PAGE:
Shareholder agreements, shareholder disagreements and more
In starting our own business, at the forefront of our thinking was to offer more than traditional acciontancy services and become the "go to trusted advisors" for clients seeking practical, experienced, cost effective solutions to business problems.
Talking of starting businesses, we have yet to come across a business where than are several shareholders, who at the outset are contemplating or deliberately seeking to create problems or disputes.
Unfortunately, in reality, things change and shareholder disputes are common.
Why you need a shareholder agreement
Start ups have to prioritise and, rightly or wrongly, when faced with difficult choices about how to use often limited start up capital shareholder agreements often lose out in the choice. The cost of legal fees for shareholder agreements or bespoke articles of association often results in shareholders delaying recording and contractually regulating rights and responsibilities between them until later. Often, later means too late or no agreement is in place when a dispute later arises.
What to include in a shareholder agreement
The fact is that a shareholder agreement is a key and essential document. Not only should it protect each shareholder from being obviously prejudiced, it should also include practicalities such as who will do what on a day to day basis, if anything, bank mandates and so on, what happens if a shareholder falls ill or dies and many other essentials. A good shareholder agreement should also have a clear and sensible mechanism for resolving disputes and what happens if a dispute cannot be resolved.
The solution we offer is to provide shareholder agreement, drafted by our experienced in-house legal team, at a significant discount to the likely charges of a law firm.
We also advise and assist where disputes arise - common causes of shareholder disputes incl;ude :-
- that there is no clear agreement in place - the most common reason for a dispute!
- where the businss is managed only for the benefit of the majority shareholder(s).
- dividends - often the majority shareholder may find a way to extract money or benefits out of the comapny leaving no profit to pay dividends so that a minority shareholder loses out.
- Where a shareholder diverts business, money or clients to another business entity where he/she/they are involved, directly or indirectly. This falls into the categoty of a conflict of interest scenario.
- Control of information - by disclosing little or no information or by excluding certain shareholders some shareholders manipulate to the disadvanatage of others. It can also involve exclusion from meetings.
- deadlock where there are equal 50:50 shareholders – without a clear shareholder agreement establishing a mechanism for resolving deadlock situations, inertia may be the result which can stop the company functioning at worst and ultimately cause liquidation.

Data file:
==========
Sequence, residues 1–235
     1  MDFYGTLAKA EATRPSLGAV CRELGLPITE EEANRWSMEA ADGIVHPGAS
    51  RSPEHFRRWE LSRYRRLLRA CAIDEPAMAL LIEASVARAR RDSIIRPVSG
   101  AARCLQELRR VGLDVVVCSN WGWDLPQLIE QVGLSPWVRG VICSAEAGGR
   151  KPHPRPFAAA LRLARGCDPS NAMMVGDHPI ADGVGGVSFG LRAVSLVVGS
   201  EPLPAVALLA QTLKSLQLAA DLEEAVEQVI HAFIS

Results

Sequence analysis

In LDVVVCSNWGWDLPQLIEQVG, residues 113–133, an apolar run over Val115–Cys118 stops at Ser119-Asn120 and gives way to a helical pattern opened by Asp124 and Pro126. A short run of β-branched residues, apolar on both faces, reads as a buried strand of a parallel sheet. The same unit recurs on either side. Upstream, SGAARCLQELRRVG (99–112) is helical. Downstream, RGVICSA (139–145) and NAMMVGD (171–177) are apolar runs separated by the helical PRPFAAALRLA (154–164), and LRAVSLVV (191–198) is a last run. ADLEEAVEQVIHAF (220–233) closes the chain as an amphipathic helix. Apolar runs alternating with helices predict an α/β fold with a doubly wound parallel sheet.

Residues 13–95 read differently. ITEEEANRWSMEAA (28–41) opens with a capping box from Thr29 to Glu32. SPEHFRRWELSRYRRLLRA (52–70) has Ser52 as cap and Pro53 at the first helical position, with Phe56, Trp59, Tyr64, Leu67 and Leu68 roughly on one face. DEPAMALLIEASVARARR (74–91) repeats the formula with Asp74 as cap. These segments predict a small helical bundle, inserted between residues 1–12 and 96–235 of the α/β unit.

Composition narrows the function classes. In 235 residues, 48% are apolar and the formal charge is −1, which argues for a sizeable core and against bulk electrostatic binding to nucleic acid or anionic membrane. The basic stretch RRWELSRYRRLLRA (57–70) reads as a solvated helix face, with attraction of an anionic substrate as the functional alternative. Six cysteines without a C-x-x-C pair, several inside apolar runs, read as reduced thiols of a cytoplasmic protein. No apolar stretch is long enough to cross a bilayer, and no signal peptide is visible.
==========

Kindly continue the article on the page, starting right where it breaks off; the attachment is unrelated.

Resolving shareholder disputes
There are many ways in which shareholder disputes are ultimately resolved. The worst outcome tends to be court action and it can be difficult in any event legally to bring a claim as a shareholder except under the grounds of unfiar prejudice. In reality, court action is often too late, money may have gone and the business irretriveably damaged.
Another possible outcome is liquidation. With an otherise successful business, this is an outcome that really ought not to happen.
A better soloution tends to be some form of mediation or where one or more shareholder buys out other shareholders. In the absence of a clear mechanism for this in a shareholder agreement, difficulties inherently arise. Valuing the outgoing shareholders shares and the business generally is also a highly contentious area.
In any of the above scenarios, the fact that we can offer accountancy, legal and strategic advice and input from one source offers many advantages, not least including costs. Like all legal disputes, it is important not to underestimate the potential attritional tactics of an oponent who has more monet and resources than you.
Limited company directors often find themselves in challenging. complex or awkward situations and getting some high quality external advice can provide clarity, peace of mind and potentially also protection from later challenge or criticism.
Our financial and general business experience and background means we can offer a rounded view on difficult issues but we also offer legal advice and services. Common ways we assist companies and directors include :-
- advice and preparation of director service contracts;
- guidance on potential conflict of interest situations;
- where directors have concerns about some financial aspect of the company's activities, whether suspected fraud, poor financial performace or other;
- where directors do not agree with each other on an issue;
- where directors disagree with shareholders;
- inormation and reports for directors to provide greater clarity and forward looking information on the business financial position, such as Management Accounts or Reports.
- Advice on fiduciary duties and legal issues generally, including commercial disputes.
- Advice on potential acquisitions by the business or corporate finance related services.
Contact Chris Conway to discuss how we can help.
If you are a small business in London and need helo and advice on resolving a shareholder dispute, please get in touch with us.